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Digestion. 1990;47 Suppl 1:11-6; discussion 49-52.

Role of gastrin as a trophic hormone.

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1
Center for Ulcer Research and Education, Wadsworth Veterans Administration Center, Los Angeles, Calif.

Abstract

Gastrin has two principal biological effects: stimulation of acid secretion from gastric parietal cells and stimulation of mucosal growth in the acid-secreting part of the stomach. Circulating gastrin regulates the increase in acid secretion that occurs during the after meals. Gastrin also stimulates mucosal growth in the stomach. Exogenously administered gastrin causes increased cell division in the proliferative zone that lies between the surface cells and the gastric glands in the acid-secreting mucosa. The newly formed cells undergo differentiation into surface epithelial cells, parietal cells and gastric enterochromaffin-like cells. Furthermore, the increased mucosal proliferation that occurs with refeeding after a period of fasting may be mediated by gastrin since refeeding stimulates gastrin production and a parallel increase in mucosal DNA synthesis. Both food and gastrin cause a rapid increase in cell division and an increase in gastric ornithine decarboxylase mRNA in fasting rats. In preliminary immunoneutralization experiments, the stimulation of ornithine decarboxylase produced by food was inhibited by gastrin antibody. The sustained inhibition of gastric acid secretion obtained by surgery or with antisecretory drug therapy results in hypergastrinaemia associated with increased gastric mucosal cell proliferation. A good correlation between gastric enterochromaffin-like cell density and circulating gastrin concentrations has been found under these conditions as well as during infusions of exogenous gastrin. Trophic effects of gastrin have also been reported for the colon, duodenum and pancreas, but chronic hypergastrinaemia does not appear to produce hyperplasia of these organs.(ABSTRACT TRUNCATED AT 250 WORDS).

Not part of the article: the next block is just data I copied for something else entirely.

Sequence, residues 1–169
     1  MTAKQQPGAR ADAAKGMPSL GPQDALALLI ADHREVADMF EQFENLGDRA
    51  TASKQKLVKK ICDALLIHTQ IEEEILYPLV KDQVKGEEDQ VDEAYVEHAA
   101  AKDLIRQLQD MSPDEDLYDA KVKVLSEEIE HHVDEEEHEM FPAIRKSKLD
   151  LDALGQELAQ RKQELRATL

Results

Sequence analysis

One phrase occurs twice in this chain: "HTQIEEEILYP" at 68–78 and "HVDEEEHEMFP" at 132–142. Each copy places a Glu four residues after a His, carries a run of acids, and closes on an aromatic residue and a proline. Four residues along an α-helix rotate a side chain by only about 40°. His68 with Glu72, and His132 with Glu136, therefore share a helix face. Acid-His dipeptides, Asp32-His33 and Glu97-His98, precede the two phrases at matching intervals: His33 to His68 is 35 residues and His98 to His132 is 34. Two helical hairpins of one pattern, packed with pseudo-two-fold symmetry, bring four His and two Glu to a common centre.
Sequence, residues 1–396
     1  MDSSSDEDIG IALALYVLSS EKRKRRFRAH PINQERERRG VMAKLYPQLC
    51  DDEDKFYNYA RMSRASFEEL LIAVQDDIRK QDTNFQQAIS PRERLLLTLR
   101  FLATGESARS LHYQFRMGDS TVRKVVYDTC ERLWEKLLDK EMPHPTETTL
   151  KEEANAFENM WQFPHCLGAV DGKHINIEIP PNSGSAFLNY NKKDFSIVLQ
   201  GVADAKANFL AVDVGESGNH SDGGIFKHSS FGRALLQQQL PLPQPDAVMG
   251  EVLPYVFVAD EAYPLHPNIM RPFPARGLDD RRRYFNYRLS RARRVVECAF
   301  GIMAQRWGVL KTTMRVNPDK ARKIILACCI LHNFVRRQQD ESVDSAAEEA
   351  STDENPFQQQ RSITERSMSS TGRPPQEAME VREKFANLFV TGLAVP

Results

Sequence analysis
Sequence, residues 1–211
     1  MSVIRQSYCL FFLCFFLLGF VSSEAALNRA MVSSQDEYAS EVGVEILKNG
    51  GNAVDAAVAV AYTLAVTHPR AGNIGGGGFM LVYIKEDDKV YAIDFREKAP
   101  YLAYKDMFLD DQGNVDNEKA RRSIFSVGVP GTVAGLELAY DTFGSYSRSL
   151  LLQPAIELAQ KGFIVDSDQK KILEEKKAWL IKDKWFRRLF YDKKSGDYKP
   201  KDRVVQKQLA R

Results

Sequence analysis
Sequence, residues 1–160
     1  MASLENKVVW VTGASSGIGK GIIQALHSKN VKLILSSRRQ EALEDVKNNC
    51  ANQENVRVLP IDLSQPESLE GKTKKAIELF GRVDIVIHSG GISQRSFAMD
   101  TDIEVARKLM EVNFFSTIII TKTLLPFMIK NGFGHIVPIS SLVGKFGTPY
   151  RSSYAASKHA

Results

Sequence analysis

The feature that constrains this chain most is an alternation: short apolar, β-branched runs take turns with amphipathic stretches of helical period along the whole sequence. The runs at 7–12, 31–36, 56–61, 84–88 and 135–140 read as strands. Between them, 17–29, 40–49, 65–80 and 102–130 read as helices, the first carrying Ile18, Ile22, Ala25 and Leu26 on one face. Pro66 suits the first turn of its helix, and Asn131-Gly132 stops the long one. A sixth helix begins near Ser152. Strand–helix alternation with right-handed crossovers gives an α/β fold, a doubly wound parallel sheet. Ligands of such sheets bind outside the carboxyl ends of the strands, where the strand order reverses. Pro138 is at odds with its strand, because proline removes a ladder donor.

PMID:
2093009
DOI:
10.1159/000200509
[Indexed for MEDLINE]

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